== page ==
Skip to Content, Navigation, or Footer.
Logo of The Middlebury Campus
Monday, Sep 25, 2023

Tear gas traces its roots back to Middlebury

In 1928, Ben Corson and Roger Stoughton were investigating the reaction between carbonyl compounds and malononitrile in Warner Hall at Middlebury College when they discovered 2-chlorobenzylidene malononitrile (CS). Even though it garnered little attention when published in the Journal of American Chemistry Society, CS gas is now one of the most widely-used components in tear gas, a riot control agent that has been used in recent weeks on protesters against police brutality and systemic racism. 

It also recently dominated the headlines after President Trump used it to clear protesters in Lafayette Square. 

According to Dr. Simon Cotton, a chemistry professor at the University of Birmingham, most tear gases are not technically gases; they are made up of tiny, solid particles of substances like CS that are released in a spray or fog. These tiny particles act as an irritating agent, sending warning messages to the brain that primarily affect our respiratory systems and mucous membranes and causing burning sensations, tears and nausea. Tear gas will also adhere to any nearby surfaces, including the ground or buildings. 

“Tear gases are designed to attack the senses simultaneously, intentionally producing both physical and psychological trauma,” said Dr. Anna Feigenbaum, a professor at Bournemouth University, in an email to The Campus. Part of Feigenbaum’s research focuses on how tear gas transitioned from being used by the military in World War I to being used as a riot control agent by law enforcement. 

“Protest often involves a contest between activists and the state,” said Jim Ralph, professor of history at Middlebury. In an email to The Campus, Ralph described a confrontation that took place in Boston in March 1770, when the British fired at and killed five protestors who were upset at the military occupation of their city.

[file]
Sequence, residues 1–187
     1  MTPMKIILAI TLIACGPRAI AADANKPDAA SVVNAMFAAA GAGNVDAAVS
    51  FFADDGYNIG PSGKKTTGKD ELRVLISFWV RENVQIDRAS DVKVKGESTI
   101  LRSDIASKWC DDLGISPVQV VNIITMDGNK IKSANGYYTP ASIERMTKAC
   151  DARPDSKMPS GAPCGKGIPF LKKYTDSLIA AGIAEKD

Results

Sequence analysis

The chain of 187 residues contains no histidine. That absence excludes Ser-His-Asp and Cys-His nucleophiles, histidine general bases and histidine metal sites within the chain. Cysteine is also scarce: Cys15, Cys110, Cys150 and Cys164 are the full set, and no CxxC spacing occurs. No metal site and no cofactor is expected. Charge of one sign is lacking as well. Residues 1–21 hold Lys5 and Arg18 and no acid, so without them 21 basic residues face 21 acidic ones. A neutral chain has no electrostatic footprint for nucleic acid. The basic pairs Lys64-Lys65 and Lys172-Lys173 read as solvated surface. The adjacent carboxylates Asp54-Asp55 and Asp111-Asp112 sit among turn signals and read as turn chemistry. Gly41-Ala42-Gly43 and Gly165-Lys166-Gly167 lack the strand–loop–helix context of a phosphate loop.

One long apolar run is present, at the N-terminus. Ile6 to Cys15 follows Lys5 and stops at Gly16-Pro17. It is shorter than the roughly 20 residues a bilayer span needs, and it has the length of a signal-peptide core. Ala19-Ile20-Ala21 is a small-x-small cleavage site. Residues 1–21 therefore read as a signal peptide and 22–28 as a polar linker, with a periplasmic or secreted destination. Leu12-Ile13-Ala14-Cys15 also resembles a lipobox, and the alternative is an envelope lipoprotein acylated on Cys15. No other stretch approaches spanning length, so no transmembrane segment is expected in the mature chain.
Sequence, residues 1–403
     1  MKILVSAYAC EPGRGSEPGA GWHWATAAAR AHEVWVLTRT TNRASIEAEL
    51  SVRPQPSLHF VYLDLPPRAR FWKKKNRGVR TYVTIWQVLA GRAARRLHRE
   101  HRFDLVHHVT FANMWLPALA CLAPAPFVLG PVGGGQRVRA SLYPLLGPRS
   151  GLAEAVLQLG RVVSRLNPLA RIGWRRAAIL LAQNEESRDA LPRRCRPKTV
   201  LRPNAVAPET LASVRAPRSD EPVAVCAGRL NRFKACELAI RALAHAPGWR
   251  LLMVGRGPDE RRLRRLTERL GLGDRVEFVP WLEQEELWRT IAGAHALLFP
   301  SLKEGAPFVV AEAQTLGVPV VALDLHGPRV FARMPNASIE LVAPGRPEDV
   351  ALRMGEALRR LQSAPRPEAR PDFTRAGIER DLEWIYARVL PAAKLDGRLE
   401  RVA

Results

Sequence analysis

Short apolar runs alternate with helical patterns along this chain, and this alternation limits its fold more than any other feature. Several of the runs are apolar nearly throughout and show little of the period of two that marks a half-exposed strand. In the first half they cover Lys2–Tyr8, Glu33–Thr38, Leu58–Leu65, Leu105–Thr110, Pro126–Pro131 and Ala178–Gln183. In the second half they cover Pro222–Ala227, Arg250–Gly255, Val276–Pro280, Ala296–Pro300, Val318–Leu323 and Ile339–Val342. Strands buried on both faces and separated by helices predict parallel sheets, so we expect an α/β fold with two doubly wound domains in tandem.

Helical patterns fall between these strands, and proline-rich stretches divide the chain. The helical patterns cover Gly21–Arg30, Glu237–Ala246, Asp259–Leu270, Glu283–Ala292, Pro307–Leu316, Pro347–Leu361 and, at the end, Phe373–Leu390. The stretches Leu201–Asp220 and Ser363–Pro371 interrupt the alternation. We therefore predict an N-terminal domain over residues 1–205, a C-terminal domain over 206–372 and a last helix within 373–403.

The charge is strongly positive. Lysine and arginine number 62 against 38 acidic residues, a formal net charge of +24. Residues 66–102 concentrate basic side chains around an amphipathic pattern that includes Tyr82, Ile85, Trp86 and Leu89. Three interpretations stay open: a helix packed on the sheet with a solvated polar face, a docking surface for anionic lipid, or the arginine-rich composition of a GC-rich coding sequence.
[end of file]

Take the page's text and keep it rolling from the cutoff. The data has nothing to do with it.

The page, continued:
“As this example suggests,” said Ralph, “governments have often turned to the display (and the use) of force to seek to control crowds.” 

While chemical weapons were first used by the French during World War I, CS gas was not used until the 1950s, almost thirty years after Corson and Stoughton discovered the compound. The British began investigating the properties and effects of the chemical at Porton Down, one of the oldest chemical warfare investigation sites in the world with a history of accusations of unethical human testing

“I had a searing hot pain in my chest for two minutes,” reported one man who was exposed to CS at the research facility for five minutes. “My eyes watered a great deal, despite the goggles, and I was salivating markedly.” The British then shared their findings with the United States. 

This sharing coincided with the rise of riot control forces that were distinct from other law enforcement in the 1900s. “The underlying theory of police response to crowd control into the 20th century was that the crowds quickly turned into mobs,” Ralph said. In 1968, this modus operandi was demonstrated as protestors at the Democratic National Convention were fired at by police officers, even as some police departments were beginning to develop tactics to prevent police from escalating conflicts. 

“After civil unrest — and its repression — in the 1950s and 1960s, riot control became an industry of its own,” Feigenbaum said, describing the ways in which CS and other tear gases began to be marketed as a safe and humanitarian method of dispelling and defending against crowds in the United States. 

“The idea has always been that using these chemicals for crowd control might actually be a more progressive way to use them,” Dr. Stuart Schrader said in an interview with The Campus. Schrader studies policing, counterinsurgency and racism at Johns Hopkins University. When asked whether police should use tear gas on protesters, Schrader said that police should not. 

“At the same time, I do think it’s important to recognize that if the alternative is police firing guns into crowds, then CS is perhaps better,” Schrader said.